Mixed Connective-Tissue Disease Clinical Presentation

Updated: Sep 29, 2017
  • Author: Eric L Greidinger, MD; Chief Editor: Herbert S Diamond, MD  more...
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Presentation

History

Manifestations of mixed connective-tissue disease (MCTD) can be protean. Most patients experience Raynaud phenomenon, arthralgia/arthritis, swollen hands, sclerodactyly or acrosclerosis, and mild myositis. The following may be revealed by history or physical examination:

  • Raynaud phenomenon (96% cumulatively, 74% at presentation); see the image below
  • Arthralgia/arthritis (96% cumulatively, 68% at presentation)
  • Esophageal hypomotility (66% cumulatively, 9% at presentation)
  • Pulmonary dysfunction (66% cumulatively, rare at presentation)
  • Swollen hands (66% cumulatively, 45% at presentation)
  • Myositis (51% cumulatively, 2% at presentation)
  • Rash (53% cumulatively, 13% at presentation)
  • Leukopenia (53% cumulatively, 9% at presentation)
  • Sclerodactyly (49% cumulatively, 11% at presentation)
  • Pleuritis/pericarditis (43% cumulatively, 19% at presentation)
  • Pulmonary hypertension (23% cumulatively, rare at presentation)
Raynaud phenomenon is a common feature of mixed co Raynaud phenomenon is a common feature of mixed connective tissue disease.

The experience with a large single-center cohort of MCTD patients suggests that the following three clinical subclusters of MCTD manifestations may exist [19] :

  • Predominantly vascular manifestations, including Raynaud phenomenon, pulmonary hypertension, and antiphospholipid syndrome with thromboses (who are at the greatest risk of mortality)
  • A polymyositislike picture, including interstitial lung disease, esophageal dysmotility, and myositis
  • Erosive polyarthritis with anti–cyclic citrullinated peptide (anti-CCP) antibodies and sclerodactyly
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Physical

Physical examination is helpful in confirming or identifying features of MCTD. Seek the following features on examination:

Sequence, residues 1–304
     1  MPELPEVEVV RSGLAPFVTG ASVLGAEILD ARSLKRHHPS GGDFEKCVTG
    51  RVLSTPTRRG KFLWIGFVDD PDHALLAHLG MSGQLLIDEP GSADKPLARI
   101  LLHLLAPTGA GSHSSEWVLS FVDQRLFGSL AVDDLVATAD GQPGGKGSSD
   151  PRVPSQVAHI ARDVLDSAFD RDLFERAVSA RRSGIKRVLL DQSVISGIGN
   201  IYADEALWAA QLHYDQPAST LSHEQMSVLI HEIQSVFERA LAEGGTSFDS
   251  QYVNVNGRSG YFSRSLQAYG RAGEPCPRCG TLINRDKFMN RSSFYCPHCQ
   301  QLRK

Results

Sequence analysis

• Fever should prompt a careful search for infection; however, infection may be present in the absence of fever and is one of the primary disease-related causes of mortality and/or morbidity in MCTD; the use of corticosteroids and immunosuppressive agents further increases the risk of infection [20]
  • Corticosteroids may mask serious intra-abdominal processes, including appendicitis, vasculitis, pancreatitis, and bowel perforation
  • Cardiopulmonary symptoms or findings should prompt a careful evaluation for pulmonary hypertension
  • Capillary microscopy can assist in finding sclerodermatous-type nailfold changes
  • Severe Raynaud phenomenon may result in digital vascular infarcts and ulcerations
  • Pericarditis may be occult and can progress rapidly to cardiac tamponade
  • Trigeminal neuralgia is common in MCTD
  • Secondary Sjögren syndrome occurs in 25% of patients with MCTD and may cause both ocular symptoms and oral dryness

Protein-losing gastroenteropathy is a rare feature of MCTD, but may be the initial manifestation of the disorder. Patients present with generalized edema, ascites, and pleural and pericardial effusions due to to hypoproteinemia from leakage of serum protein into the gastrointestinal tract. [21]

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